Grey to Green
Considering the size of the estate, Conal says, “There is so much potential here for change, if you think about the number of people we can reach who will discover the RSPB though idverde, exploring nature in their backyards and sparking an interest for future generations.” Community engagement is at the heart of the strategy, giving people the tools to design their environments for nature. Conal is eager to “green the grey in our towns and cities”. These nature-based solutions can reach further than providing a stable habitat for wildlife. There are plans to transform an area prone to flooding and antisocial behaviour into a diverse wetland for dragonflies, damselflies and amphibians. By planting willow and alder, the aim is to deter people from inappropriately using vehicles on the land, creating a safer community. In Belfast, a disused alleyway is the potential site of a community garden. We will work closely with the Housing Executive committee network to establish links in these communities. Conal is eager for the RSPB to work with the Education Authority, getting involved in youth groups and sports clubs, and demonstrating the wealth of nature available to younger generations in their local areas, and how they can be part of the solution to preserve it”.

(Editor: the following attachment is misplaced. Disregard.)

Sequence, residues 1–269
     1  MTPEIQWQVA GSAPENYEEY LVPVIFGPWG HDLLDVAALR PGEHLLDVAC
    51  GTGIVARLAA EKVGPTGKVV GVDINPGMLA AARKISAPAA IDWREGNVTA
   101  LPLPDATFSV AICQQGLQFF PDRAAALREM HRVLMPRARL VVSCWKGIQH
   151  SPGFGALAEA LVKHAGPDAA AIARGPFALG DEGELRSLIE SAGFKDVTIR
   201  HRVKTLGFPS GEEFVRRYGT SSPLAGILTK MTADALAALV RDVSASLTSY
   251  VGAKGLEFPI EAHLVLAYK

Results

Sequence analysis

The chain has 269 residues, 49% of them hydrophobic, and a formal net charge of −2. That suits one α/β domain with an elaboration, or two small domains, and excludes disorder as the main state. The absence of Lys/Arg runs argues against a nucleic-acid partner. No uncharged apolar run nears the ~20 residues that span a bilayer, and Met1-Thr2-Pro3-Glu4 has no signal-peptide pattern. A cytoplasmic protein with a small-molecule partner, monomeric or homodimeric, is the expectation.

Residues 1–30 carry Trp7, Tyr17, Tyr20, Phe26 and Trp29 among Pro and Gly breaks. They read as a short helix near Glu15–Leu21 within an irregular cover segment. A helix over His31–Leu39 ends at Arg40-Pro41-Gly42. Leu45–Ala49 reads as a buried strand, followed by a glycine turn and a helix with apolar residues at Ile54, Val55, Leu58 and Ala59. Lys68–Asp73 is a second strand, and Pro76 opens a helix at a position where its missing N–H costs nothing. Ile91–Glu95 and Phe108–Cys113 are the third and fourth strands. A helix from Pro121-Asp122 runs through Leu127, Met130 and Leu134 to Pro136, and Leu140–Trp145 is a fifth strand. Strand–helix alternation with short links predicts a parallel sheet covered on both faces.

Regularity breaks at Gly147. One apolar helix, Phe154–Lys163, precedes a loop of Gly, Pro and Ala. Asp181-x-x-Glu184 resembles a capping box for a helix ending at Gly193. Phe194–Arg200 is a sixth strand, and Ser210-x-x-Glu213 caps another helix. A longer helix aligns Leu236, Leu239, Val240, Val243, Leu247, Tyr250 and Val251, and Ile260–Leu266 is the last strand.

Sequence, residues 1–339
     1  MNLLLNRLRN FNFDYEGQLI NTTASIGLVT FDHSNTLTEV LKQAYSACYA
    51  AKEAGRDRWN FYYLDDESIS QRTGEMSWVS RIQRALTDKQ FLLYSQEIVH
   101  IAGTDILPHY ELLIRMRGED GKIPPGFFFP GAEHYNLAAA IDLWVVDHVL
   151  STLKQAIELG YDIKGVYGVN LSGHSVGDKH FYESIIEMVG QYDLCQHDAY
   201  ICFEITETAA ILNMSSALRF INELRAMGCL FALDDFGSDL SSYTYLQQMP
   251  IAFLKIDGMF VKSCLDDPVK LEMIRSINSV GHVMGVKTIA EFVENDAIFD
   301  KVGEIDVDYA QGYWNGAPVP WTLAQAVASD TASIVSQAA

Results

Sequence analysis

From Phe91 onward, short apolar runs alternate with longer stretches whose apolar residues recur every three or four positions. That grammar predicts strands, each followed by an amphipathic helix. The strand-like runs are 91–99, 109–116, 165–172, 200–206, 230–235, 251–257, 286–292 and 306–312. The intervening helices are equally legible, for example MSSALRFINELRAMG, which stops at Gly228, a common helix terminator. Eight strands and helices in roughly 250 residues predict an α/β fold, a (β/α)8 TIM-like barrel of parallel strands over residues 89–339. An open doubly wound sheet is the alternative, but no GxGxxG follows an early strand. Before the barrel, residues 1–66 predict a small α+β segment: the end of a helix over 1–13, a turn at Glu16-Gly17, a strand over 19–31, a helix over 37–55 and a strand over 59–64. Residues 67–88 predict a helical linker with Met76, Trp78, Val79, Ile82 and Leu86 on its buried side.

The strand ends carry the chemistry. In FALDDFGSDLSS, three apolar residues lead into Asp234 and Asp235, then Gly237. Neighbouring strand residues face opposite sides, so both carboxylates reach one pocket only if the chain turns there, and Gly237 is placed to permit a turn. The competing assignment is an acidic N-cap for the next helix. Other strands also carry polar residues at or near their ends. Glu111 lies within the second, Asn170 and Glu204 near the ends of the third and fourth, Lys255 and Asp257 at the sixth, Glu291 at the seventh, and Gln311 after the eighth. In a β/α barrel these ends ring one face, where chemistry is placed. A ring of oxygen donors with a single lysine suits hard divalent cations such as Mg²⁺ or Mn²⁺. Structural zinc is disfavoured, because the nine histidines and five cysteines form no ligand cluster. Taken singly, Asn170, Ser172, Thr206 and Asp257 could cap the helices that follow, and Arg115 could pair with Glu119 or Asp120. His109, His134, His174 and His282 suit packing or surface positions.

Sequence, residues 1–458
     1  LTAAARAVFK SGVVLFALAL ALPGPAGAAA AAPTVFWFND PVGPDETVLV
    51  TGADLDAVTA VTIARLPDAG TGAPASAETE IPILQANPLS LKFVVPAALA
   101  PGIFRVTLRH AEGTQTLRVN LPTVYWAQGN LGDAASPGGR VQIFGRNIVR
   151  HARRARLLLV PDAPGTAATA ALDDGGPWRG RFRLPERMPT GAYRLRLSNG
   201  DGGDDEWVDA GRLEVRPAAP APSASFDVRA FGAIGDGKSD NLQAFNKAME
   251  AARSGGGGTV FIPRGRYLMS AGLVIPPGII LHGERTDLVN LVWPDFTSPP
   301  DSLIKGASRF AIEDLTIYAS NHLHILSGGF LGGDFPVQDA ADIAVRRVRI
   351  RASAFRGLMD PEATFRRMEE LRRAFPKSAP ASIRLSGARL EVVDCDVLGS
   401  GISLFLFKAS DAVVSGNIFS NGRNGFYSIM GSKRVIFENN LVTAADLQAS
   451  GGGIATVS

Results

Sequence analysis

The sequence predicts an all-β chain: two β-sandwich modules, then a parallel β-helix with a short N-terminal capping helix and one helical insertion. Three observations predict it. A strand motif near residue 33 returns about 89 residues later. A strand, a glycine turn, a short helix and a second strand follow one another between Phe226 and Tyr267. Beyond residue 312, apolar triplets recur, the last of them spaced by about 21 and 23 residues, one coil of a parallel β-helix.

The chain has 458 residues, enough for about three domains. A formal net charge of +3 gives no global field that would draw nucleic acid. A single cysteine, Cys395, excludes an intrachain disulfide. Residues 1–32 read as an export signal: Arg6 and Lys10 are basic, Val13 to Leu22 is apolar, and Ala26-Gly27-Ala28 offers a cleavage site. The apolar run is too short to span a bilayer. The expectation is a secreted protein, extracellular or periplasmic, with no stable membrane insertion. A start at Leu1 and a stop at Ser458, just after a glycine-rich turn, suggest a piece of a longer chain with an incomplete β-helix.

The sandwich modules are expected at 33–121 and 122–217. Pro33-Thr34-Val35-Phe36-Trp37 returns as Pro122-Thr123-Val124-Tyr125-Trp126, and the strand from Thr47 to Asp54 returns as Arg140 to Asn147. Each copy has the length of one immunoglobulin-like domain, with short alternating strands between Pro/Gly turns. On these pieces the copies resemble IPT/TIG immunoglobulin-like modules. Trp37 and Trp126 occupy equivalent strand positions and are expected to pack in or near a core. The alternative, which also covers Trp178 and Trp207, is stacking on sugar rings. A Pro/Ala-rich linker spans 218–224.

This year will set a benchmark for the future of this unique project, showing the potential impact of this kind of partnership and the benefits for people and wildlife.
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Photography from RSPB NI